# if $\lim_{x \rightarrow \infty } |f(x)| = \infty$ then $\lim_{x \rightarrow \infty } f(x) = \infty$? [closed]

Let $f: \Re \mapsto \Re$ be continuous function. How to prove that if $\lim_{x \rightarrow \infty } |f(x)| = \infty$ then $\lim_{x \rightarrow \infty } f(x) = \infty$ or $\lim_{x \rightarrow \infty } f(x) = -\infty$ ?

## closed as off-topic by Siminore, apnorton, Najib Idrissi, Travis, HippalectryonJan 23 '15 at 16:05

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• Eventually, $|f(x)|>1$; this implies, by continuity, that $f$ eventually has a constant sign. – David Mitra Jan 23 '15 at 14:57
• Counter-example to your result. Consider f(x)=[x . sin(x)] which equals to x when sin(x)=1 and which equals to (-x) when sin(x)=-1. So this function oscillates between positive and negave numbers and its absolute value tends to + infinity. – Idris Jan 23 '15 at 23:16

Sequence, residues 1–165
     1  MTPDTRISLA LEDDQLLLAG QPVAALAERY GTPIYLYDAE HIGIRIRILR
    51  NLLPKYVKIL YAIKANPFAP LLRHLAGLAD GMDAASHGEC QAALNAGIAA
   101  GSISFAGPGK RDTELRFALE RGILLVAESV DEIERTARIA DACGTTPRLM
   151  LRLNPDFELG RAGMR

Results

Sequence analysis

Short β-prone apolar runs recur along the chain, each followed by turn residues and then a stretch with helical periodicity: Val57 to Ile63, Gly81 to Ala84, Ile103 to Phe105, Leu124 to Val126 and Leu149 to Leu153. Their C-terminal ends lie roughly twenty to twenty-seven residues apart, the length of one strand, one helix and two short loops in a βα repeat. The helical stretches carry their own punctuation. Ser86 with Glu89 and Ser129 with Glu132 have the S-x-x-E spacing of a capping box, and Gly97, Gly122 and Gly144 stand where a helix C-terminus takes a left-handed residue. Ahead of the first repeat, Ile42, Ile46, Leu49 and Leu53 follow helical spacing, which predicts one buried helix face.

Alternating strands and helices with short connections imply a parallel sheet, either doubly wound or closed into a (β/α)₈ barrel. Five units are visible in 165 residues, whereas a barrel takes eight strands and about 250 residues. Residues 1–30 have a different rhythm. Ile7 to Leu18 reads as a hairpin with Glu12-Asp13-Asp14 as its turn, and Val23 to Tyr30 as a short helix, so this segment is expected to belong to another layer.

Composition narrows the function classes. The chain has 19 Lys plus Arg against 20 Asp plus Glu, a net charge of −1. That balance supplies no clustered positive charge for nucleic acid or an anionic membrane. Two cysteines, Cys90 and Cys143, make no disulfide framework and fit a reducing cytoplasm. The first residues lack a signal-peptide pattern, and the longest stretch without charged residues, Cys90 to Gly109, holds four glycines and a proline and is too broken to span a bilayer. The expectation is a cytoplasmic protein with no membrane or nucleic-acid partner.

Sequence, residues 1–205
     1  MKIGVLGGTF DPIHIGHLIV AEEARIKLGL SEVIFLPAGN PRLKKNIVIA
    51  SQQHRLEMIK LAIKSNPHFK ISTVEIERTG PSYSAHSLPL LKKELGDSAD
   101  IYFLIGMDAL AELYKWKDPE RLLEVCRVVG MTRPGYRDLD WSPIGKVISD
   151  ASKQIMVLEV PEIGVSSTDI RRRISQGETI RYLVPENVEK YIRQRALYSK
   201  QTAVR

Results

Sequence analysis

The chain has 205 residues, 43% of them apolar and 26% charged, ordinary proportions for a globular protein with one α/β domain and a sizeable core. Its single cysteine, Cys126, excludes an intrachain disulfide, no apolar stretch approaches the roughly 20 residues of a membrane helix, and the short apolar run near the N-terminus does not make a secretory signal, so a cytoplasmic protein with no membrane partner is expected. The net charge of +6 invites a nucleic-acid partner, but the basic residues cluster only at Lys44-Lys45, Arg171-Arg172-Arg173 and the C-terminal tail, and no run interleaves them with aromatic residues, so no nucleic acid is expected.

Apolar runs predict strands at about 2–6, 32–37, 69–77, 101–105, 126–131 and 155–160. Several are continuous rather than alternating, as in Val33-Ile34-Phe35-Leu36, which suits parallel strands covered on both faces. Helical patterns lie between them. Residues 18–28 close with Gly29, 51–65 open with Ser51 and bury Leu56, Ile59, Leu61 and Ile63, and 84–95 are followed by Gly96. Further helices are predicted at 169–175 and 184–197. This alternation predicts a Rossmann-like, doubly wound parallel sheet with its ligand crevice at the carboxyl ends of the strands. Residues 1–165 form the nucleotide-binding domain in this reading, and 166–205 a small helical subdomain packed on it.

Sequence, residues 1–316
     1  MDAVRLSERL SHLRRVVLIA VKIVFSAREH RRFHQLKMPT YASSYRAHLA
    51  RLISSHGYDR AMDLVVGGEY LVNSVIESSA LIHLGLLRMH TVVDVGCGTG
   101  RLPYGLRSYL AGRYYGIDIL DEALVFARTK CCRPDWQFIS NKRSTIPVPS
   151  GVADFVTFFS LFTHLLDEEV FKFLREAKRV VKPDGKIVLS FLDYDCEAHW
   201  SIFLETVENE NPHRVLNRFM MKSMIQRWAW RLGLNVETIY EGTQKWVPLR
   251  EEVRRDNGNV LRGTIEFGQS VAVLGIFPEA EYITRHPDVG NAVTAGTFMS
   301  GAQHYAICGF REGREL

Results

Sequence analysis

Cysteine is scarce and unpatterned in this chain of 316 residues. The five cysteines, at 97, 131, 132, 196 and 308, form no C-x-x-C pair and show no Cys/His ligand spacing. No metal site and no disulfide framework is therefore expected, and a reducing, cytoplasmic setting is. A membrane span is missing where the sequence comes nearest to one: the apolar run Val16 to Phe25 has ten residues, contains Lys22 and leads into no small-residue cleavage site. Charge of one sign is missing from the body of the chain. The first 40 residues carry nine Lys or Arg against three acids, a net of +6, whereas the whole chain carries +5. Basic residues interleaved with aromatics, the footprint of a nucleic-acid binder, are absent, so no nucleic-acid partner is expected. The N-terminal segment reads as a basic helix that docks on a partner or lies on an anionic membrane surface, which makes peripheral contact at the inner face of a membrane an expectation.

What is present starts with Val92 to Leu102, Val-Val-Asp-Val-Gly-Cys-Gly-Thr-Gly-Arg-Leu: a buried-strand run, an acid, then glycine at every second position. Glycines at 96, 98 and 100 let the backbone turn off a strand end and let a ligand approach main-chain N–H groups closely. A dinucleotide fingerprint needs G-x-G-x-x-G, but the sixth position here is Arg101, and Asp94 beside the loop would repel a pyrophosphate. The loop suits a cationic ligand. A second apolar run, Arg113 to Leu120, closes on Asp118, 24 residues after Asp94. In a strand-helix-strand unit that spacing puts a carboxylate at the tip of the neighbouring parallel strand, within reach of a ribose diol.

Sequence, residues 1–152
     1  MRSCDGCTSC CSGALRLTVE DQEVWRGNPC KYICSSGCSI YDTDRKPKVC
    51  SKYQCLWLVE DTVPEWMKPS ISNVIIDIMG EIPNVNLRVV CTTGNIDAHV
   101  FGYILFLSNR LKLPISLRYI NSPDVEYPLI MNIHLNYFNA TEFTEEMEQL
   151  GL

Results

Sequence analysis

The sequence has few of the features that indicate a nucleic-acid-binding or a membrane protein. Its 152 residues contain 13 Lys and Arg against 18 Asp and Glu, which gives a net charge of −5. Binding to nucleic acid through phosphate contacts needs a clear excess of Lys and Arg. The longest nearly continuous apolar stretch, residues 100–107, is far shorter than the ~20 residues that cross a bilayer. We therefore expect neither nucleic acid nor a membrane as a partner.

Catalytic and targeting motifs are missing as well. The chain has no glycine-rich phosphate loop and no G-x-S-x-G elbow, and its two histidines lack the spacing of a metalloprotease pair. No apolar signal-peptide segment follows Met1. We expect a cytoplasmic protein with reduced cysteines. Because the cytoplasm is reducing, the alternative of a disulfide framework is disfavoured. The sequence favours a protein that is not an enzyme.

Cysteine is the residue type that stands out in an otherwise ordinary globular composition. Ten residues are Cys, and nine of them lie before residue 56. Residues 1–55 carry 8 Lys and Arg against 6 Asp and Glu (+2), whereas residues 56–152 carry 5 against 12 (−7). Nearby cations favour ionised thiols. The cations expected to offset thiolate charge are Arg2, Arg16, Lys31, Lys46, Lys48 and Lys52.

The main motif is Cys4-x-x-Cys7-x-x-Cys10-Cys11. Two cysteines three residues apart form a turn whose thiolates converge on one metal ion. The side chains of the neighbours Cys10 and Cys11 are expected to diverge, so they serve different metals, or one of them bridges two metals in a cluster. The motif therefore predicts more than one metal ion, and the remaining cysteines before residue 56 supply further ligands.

## 1 Answer

For any $M > 0$ there exists $x_0 > 0$ with the property that $x > x_0$ implies $|f(x)| > M$. In particular, $x > x_0$ implies $f(x) \not= 0$ so beyond that point $f(x)$ is either always positive or always negative. Thus $x > x_0$ implies either $f(x) > M$ or $f(x) < -M$.

• in this line you wrote "beyond that point f(x) is either always positive or always negative". but how you conclude that? – user2637293 Jan 23 '15 at 15:29
• If there were points $a > x_0$ and $b > x_0$ such that $f(a) > 0$ and $f(b) < 0$, the stated hypothesis that $f$ is continuous would imply there is a point $c$ in between $a$ and $b$ (and thus $c > x_0$) for which $f(c) = 0$. This contradicts $|f(c)| > M$. – Umberto P. Jan 23 '15 at 15:47